Blurring the Lines: Rethinking Censorship Under Autocracy
41 Pages Posted: 27 Nov 2017
Date Written: November 21, 2017
Self-censorship is subtle and difficult to observe, but its effects are potent and pernicious. We argue that policies encouraging self-censorship not only make it easier to stifle critical viewpoints, they also disadvantage those on the periphery of politics and power. Our guiding intuition is that actors without a connection to the regime have an informational disadvantage about what is on and off limits, which causes them to self-censor to a greater extent than those with more proximate links to the regime. We explore this hypothesis through the case of China, one of the world's most restrictive information environments and a sanctum of self-censorship. Leveraging evidence from virtual field experiments and online surveys, we show that self-censorship practiced by censors, journalists, and even average netizens is closely related to their relative proximity to the regime. Specifically, members of the private media and politically unconnected individuals self-censor to a greater extent than their public sector and state-affiliated peers. This surprising finding helps explain how China's rulers have been able to successfully contain and control a mushrooming information sector with only moderate use of overt censorship. It also helps explain how and why China's state-backed media, despite a reputation for pro-regime bias, remain surprisingly competitive in the domestic market.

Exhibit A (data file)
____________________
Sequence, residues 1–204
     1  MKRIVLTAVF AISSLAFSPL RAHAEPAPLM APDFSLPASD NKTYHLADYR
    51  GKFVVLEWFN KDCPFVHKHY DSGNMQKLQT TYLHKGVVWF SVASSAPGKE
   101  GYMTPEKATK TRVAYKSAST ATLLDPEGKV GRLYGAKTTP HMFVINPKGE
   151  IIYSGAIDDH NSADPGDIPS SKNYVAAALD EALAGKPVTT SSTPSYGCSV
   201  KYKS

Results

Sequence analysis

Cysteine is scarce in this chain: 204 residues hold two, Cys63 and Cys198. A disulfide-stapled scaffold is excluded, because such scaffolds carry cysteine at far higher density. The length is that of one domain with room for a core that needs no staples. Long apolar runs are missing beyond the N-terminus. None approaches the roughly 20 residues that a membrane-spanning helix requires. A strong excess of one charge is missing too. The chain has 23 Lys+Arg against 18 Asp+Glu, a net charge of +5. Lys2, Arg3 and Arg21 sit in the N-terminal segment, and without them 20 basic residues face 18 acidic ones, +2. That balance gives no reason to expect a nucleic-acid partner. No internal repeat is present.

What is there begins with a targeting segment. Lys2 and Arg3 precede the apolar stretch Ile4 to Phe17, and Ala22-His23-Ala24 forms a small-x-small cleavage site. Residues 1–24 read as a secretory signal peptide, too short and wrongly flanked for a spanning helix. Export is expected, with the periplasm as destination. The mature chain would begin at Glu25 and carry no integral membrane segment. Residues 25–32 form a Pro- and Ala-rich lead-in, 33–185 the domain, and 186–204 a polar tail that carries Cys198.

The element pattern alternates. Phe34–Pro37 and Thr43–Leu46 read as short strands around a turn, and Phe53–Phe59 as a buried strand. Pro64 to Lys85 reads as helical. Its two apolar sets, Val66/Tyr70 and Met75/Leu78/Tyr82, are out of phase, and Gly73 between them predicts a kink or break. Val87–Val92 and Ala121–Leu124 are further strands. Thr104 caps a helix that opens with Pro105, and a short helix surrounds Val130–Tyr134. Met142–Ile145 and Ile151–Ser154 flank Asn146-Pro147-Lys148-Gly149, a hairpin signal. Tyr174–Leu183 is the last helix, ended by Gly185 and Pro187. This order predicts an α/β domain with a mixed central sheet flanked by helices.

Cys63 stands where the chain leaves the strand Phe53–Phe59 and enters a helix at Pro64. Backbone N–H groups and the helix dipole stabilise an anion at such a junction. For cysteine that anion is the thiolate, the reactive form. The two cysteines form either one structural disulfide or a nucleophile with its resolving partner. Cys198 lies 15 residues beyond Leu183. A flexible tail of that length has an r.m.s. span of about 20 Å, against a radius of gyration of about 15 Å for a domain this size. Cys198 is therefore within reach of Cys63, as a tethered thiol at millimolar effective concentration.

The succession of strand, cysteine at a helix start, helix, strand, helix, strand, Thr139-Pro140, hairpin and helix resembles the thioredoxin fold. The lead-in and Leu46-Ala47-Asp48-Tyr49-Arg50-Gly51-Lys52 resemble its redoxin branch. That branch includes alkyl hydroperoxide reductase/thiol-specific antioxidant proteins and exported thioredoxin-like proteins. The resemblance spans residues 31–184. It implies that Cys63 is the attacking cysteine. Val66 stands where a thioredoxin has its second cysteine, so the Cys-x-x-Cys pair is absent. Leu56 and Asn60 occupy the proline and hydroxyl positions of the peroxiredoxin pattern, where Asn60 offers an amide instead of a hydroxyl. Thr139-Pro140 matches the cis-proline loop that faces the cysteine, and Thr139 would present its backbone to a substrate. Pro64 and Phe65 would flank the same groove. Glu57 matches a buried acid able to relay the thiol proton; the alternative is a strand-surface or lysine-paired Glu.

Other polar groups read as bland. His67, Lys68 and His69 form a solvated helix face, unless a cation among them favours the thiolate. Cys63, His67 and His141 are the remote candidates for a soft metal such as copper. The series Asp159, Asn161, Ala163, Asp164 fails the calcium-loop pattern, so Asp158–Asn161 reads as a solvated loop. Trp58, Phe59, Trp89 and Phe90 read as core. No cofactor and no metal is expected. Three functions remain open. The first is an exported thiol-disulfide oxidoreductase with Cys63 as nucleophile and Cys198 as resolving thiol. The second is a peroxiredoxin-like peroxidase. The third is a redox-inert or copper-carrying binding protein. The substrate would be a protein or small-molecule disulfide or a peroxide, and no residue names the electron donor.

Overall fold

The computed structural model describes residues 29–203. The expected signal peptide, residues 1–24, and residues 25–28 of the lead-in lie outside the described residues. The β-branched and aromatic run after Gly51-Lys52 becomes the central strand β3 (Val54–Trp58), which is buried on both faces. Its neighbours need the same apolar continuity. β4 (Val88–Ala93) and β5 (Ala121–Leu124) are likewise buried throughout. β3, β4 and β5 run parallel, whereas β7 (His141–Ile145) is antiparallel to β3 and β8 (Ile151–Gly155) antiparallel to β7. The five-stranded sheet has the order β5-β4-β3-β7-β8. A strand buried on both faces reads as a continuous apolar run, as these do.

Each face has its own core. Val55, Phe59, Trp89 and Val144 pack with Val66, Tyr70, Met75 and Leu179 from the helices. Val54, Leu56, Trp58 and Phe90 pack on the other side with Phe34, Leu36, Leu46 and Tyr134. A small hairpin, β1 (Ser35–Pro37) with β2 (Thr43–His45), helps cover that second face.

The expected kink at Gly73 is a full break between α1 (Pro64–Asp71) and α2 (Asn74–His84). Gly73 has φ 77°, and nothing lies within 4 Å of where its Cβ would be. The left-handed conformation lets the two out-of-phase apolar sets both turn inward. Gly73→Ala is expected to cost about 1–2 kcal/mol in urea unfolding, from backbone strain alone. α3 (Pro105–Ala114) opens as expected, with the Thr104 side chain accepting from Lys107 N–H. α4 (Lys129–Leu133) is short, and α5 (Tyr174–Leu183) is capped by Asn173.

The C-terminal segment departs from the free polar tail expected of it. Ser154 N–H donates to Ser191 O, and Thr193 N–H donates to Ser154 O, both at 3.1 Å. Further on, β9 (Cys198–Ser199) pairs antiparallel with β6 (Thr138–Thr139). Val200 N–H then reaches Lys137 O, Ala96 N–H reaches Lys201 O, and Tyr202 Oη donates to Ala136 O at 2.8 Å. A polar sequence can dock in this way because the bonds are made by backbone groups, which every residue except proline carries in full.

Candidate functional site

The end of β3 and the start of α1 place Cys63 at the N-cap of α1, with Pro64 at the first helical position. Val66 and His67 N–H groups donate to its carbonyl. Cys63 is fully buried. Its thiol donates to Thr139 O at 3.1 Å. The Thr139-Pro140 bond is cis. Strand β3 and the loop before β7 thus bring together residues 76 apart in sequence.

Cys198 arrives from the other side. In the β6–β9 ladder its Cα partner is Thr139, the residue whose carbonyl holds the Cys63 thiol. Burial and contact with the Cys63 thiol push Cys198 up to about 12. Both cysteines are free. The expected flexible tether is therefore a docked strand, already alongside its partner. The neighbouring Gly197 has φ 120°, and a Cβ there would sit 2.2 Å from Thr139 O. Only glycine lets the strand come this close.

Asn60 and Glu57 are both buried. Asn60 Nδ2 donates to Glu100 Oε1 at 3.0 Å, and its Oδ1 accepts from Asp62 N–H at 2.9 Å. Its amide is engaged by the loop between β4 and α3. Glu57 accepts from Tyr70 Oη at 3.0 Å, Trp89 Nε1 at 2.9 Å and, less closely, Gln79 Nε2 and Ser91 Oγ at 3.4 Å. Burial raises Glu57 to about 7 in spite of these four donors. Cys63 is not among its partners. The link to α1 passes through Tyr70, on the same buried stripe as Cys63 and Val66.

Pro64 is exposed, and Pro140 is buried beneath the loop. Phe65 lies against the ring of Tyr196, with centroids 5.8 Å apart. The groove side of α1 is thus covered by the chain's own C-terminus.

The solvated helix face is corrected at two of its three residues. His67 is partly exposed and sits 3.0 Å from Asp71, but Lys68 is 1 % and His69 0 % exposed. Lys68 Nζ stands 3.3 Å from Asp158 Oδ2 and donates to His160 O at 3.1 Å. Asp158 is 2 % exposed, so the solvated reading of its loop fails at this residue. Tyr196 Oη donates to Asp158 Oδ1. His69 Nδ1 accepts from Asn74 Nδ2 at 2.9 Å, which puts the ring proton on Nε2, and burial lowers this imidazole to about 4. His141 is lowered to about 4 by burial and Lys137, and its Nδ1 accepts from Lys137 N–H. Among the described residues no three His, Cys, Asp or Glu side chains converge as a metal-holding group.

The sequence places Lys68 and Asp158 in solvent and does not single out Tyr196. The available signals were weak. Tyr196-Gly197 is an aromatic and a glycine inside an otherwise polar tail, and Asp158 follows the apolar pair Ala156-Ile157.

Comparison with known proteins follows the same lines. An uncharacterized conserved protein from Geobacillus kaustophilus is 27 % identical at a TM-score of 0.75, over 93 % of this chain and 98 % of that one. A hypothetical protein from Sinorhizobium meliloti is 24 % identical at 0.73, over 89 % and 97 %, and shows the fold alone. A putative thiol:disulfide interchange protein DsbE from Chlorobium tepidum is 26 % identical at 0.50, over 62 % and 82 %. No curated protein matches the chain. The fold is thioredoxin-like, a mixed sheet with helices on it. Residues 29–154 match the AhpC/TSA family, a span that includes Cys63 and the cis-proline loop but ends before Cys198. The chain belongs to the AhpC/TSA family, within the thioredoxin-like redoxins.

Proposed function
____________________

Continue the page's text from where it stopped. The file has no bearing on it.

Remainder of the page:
Keywords: China, Autocracy, Censorship, Information, Media
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